CornfieldToday, BusinessWeek reveals a concerning development in food policy in this activist age. Noting that activist groups (contrary to the provisional findings of the Food and Drug Administration, the government agency that reviews the safety of genetically improved animals, which has thus far identified no problems) have convinced several grocers not to sell genetically improved salmon—should it ever come to market—a headline asks, “What About Wal-Mart?”

Now, by the law and by science Wal-Mart has literally done nothing wrong. The company is waiting on the FDA’s evaluations and approval before evaluating whether to stock the new salmon, which has been improved to grow to market weight more quickly. (The fish is not yet commercialized, as it awaits final approval by regulators.)

So why would BusinessWeek’s headline writer imply Wal-Mart was doing something wrong? Simple: Activists have taken it upon themselves to make policy, stealing responsibility from regulators and scientific advisory bodies. We see this all the time with genetically improved food crops: Despite convincing scientific consensuses that GIFs are safe, activists like the Environmental Working Group (EWG) attack them, leading consumers to be unreasonably frightened and spooking retailers from stocking perfectly safe foods.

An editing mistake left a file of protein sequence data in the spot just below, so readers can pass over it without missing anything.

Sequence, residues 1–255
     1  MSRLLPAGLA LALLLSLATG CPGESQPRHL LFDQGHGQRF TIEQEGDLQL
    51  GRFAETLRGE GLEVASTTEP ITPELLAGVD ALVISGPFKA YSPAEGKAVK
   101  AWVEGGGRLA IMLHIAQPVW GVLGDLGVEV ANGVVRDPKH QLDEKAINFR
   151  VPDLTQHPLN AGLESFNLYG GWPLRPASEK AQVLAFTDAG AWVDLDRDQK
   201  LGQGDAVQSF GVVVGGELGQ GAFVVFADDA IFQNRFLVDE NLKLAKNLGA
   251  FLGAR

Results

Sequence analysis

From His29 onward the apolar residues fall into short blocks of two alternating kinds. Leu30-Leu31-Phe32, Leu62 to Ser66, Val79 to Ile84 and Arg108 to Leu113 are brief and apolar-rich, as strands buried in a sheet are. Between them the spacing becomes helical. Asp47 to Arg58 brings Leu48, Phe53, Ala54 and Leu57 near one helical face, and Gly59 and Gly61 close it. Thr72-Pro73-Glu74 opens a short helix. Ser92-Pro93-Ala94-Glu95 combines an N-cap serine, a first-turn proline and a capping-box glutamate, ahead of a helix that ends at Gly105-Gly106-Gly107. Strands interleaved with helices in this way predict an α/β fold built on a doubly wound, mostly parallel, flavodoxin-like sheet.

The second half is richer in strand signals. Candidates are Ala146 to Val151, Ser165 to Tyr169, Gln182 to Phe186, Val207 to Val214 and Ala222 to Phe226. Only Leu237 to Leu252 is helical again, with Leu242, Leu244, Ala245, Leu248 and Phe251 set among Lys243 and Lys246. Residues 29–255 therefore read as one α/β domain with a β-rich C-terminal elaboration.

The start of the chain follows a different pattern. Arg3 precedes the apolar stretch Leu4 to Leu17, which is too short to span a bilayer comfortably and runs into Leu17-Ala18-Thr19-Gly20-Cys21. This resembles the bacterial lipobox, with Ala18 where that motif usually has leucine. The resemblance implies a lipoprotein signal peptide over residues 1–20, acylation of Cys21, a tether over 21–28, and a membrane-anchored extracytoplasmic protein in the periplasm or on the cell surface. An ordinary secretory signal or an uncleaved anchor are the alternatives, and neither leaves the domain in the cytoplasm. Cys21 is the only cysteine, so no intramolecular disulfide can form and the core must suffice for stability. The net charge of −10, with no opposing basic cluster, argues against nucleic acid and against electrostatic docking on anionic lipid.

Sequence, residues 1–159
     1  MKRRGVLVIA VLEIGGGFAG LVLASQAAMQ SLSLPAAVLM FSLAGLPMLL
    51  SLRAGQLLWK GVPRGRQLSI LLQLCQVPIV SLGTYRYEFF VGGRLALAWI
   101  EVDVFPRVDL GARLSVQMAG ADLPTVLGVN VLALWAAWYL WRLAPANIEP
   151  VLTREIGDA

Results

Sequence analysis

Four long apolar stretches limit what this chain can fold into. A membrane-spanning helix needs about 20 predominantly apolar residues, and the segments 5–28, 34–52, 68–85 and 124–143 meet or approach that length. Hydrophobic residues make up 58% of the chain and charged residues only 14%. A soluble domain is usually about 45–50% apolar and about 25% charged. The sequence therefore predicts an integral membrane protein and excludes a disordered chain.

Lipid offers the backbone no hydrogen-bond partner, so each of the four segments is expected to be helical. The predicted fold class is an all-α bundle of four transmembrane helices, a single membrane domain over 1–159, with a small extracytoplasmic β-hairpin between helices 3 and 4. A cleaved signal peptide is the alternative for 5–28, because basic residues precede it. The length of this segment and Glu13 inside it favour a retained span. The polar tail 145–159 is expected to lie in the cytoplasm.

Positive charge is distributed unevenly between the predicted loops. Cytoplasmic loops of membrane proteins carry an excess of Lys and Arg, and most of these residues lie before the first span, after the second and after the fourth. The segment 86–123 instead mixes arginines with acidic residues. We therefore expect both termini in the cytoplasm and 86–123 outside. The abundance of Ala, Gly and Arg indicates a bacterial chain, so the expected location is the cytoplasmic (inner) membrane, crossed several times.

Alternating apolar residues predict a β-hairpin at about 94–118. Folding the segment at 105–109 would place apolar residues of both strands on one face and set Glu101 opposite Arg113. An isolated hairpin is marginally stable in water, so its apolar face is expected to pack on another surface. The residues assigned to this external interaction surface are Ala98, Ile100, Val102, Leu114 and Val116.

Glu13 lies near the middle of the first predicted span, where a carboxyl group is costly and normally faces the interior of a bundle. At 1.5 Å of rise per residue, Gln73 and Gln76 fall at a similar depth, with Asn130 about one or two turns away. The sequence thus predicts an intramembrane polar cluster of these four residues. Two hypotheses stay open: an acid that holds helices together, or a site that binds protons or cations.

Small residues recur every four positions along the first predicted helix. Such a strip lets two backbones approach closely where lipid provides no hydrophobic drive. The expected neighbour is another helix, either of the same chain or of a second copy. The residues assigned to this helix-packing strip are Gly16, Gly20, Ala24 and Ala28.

And while the anti-salmon attacks might have no effect on human health, other activist attempts to seize regulatory authority can kill. Most notoriously, activists like EWG trumpeted a finding later retracted for serious misconduct resembling fraud that childhood vaccines cause autism. Despite a landslide of blowback from the scientific and medical communities, enough people still refuse vaccines that diseases like measles and whooping cough are having a resurgence.

And the general assault by EWG and others against GIFs may very well lead to deaths. In the developing world, researchers hope that GIF rice, sorghum, and cassava will reduce micronutrient deficiencies that kill hundreds of thousands of people each year. Other GIFs are being developed that protect staple crops against drought and disease, preventing famine and crop failure. And consumers who wish to avoid GIFs already have a government-sanctioned option: “USDA Organic” foods are not allowed to use modern genetic improvement. This isn’t about choice—it’s activists once again trying to compel the rest of us to follow their ideologies.